Most of us loan to others, taking them at their word that they will return what was borrowed in a reasonable amount of time. This kind of thinking destroys relationships.

A friend asked for help, so you lend them funds intended for your rent or mortgage.They assure you they will pay you back on Friday when they get paid, yet, here you are, five years later, and no repayment. This leads to avoidance, shame, and broken relationships.

Saints, if you need money for something, ask God, and allow Him to satisfy that provision.


III. Don’t Co-Sign (Proverbs 6:1-5, 11:15, 17:18, 22:26-27)

What is co-signing?

Your friend goes to the bank and says I need a loan. The bank, which is in the business of making loans, reviews your friend’s track record, income, and practices, and they tell your friend theyaren’t sure he or she can paythem back.

In other words, the bank says, “Go find some fool who will agree to pay back if you don’t pay it back, and we can talk.”

Now my concern is if the bank thatmakes money by loaning money concluded that through all of their experience and knowledge,they are questioning yourfriend’s capacity to pay it back, why in the world would you cover for them?

“My son, if you become surety for your friend,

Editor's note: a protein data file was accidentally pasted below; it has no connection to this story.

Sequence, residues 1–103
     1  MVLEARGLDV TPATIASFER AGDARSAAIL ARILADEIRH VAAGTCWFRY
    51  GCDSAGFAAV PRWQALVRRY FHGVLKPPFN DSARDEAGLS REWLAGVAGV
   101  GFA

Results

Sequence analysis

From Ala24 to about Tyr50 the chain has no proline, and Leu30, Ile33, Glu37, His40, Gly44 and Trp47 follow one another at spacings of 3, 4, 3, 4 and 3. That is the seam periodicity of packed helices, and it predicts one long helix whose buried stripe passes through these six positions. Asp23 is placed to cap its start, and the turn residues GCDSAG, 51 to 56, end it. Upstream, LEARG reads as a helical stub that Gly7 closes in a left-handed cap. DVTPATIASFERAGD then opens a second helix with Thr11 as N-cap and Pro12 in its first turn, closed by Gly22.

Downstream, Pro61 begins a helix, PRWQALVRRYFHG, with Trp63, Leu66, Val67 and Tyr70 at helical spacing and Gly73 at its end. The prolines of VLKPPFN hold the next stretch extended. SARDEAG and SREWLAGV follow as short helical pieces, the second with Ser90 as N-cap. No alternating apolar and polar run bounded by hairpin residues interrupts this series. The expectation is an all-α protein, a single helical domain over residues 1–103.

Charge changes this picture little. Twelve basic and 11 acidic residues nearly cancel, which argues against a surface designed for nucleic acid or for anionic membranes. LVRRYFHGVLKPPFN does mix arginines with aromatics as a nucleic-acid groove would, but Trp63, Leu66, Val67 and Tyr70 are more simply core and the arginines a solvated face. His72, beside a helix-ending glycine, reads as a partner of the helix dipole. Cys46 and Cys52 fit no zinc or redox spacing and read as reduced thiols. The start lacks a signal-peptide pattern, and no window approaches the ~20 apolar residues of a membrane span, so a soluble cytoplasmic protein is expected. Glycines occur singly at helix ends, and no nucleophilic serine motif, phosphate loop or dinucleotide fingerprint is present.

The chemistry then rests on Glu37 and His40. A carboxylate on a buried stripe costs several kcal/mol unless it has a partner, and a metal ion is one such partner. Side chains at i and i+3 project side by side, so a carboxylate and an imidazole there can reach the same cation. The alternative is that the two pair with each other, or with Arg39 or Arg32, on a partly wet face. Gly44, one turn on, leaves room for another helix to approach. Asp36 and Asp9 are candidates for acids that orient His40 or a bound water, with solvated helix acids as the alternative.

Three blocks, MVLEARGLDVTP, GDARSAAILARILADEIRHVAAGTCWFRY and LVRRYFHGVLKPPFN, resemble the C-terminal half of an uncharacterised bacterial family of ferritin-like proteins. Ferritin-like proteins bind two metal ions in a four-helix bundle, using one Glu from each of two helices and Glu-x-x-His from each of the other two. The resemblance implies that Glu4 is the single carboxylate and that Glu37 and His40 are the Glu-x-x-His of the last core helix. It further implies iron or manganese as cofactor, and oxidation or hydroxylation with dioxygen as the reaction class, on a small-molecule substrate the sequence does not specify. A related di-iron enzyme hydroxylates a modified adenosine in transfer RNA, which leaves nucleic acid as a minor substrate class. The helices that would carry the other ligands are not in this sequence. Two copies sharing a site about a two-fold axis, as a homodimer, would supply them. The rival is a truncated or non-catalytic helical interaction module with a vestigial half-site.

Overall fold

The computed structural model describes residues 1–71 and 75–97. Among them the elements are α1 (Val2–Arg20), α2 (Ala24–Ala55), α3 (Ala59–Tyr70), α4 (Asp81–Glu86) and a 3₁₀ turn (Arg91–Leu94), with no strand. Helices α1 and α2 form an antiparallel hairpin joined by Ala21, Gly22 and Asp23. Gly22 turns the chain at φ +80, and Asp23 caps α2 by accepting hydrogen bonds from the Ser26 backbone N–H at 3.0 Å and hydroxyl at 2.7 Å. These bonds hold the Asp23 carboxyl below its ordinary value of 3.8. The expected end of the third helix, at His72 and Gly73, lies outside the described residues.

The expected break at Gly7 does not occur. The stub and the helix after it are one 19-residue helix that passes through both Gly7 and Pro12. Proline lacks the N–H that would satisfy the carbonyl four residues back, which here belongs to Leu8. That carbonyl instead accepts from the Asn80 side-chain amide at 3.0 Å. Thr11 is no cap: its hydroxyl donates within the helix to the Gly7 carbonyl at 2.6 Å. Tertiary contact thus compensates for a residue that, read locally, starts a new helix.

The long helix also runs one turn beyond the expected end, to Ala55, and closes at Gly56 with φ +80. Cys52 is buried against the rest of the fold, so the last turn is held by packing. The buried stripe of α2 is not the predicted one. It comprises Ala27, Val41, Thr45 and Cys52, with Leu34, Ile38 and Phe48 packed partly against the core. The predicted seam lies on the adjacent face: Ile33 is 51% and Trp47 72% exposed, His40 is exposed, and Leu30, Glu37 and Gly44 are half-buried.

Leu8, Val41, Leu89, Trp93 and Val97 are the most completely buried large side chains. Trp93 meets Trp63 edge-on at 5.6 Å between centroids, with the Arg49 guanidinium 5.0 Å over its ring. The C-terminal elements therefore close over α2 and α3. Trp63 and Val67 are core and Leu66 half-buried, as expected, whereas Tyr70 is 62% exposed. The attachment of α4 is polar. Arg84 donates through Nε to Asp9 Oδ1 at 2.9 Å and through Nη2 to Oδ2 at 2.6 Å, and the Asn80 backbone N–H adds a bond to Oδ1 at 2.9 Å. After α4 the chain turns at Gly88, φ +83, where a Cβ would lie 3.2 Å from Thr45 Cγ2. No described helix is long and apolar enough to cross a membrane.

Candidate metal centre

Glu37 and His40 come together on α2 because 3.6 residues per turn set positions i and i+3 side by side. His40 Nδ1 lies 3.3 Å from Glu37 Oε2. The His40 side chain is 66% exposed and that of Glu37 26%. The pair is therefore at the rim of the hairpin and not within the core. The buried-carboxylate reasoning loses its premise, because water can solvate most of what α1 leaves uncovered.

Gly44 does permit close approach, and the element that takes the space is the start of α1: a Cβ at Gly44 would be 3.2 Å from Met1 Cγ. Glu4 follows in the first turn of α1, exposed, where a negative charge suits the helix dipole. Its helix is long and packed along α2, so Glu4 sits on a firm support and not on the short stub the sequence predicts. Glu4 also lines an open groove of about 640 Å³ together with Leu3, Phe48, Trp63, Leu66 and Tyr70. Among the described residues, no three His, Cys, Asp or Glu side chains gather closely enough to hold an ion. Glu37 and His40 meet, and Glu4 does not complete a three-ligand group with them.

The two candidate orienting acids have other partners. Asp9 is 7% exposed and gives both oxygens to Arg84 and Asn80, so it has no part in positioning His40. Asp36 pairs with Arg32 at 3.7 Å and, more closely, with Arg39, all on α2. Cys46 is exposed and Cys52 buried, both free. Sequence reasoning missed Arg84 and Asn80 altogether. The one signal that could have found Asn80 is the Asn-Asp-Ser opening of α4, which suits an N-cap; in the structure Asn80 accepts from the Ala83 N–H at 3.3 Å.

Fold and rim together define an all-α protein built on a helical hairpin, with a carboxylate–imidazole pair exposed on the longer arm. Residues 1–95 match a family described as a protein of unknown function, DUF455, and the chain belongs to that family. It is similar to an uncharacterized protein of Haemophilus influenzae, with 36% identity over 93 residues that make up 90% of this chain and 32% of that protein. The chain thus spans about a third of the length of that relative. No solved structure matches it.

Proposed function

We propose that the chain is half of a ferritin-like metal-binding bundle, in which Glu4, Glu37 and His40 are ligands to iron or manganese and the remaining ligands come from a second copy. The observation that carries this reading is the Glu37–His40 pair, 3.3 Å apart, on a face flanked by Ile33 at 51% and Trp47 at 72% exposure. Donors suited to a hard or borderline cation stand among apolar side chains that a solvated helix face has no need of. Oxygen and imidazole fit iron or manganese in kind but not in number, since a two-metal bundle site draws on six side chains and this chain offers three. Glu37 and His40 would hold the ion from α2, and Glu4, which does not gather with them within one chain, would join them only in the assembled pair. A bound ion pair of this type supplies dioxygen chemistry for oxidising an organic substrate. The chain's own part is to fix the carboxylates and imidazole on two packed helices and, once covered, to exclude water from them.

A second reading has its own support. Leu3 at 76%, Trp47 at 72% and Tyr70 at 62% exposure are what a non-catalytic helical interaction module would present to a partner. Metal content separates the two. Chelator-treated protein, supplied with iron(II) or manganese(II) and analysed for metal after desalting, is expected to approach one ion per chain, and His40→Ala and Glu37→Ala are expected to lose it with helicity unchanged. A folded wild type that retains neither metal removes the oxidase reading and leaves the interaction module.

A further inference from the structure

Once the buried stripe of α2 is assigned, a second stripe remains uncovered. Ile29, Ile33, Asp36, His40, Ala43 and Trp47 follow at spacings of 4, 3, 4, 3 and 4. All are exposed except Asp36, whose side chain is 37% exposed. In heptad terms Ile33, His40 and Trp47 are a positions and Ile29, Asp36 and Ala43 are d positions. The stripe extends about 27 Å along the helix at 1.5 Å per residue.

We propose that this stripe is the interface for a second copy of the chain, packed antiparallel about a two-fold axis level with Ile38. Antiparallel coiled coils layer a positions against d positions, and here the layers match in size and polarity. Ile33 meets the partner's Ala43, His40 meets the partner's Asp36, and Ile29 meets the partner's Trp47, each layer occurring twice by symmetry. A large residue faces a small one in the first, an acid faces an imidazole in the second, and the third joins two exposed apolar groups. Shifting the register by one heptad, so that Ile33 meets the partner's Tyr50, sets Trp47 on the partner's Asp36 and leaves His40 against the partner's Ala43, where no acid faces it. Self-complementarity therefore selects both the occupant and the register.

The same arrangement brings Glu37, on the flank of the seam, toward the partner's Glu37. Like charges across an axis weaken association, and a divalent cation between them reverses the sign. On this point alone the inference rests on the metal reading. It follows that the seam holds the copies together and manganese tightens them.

If you have shaken hands in pledge for a stranger,

You are snared by the words of your mouth;

You are taken by the words of your mouth.

So do this, my son, and deliver yourself;

For you have come into the hand of your friend:

Go and humble yourself;

Plead with your friend.

Give no sleep to your eyes,

Nor slumber to your eyelids.

Deliver yourself like a gazelle from the hand of the hunter,

And like a bird from the hand of the fowler.

Proverbs 6:1-5, NKJV


“He who is surety for a stranger will suffer,

But one who hates being surety is secure.”

Proverbs 11:15 NKJV


Look at the comparison here: you will struggle if you are surety for a stranger, a friend, or a family member. But if your financial boundary says “No,” to lending, you will remain safe and secure.

“A man devoid of understanding shakes hands in a pledge,

And becomes surety for his friend.”

Proverbs 17:18, NKJV


“Do not be one of those who shakes hands in a pledge,

One of those who is surety for debts;

If you have nothing with which to pay,

Why should he take away your bed from under you?”

Proverbs 22:26-27, NKJV


Debt Q & A

Q: I just co-signed for an off-campus apartment for my college student. Would that be considered co-signing under these Biblical standards?

A: If you co-signed for your child, who is still in school, that is your parental responsibility.

Q: Is it okay to have a rental property?

A: For those of you who have a property you are renting out, here is a word of caution: if you cannot afford to pay the mortgage when it is empty, you should not own that home.

Q: Do you have any advice for student loan debt?

A: Our kids are graduating with astronomical debt. Debt that they will never be able to pay back in their lifetime.I suggest that a child go to school for one semester and work a semester, alternating so that the funds they make when they’re working will help pay for college. Not only will they understand the value of their schooling, but they will have a deeper appreciation for that college education!

Church, it is my heart to have an educated congregation and one that makes Biblically sound decisions. What will you implement in your own debt journey?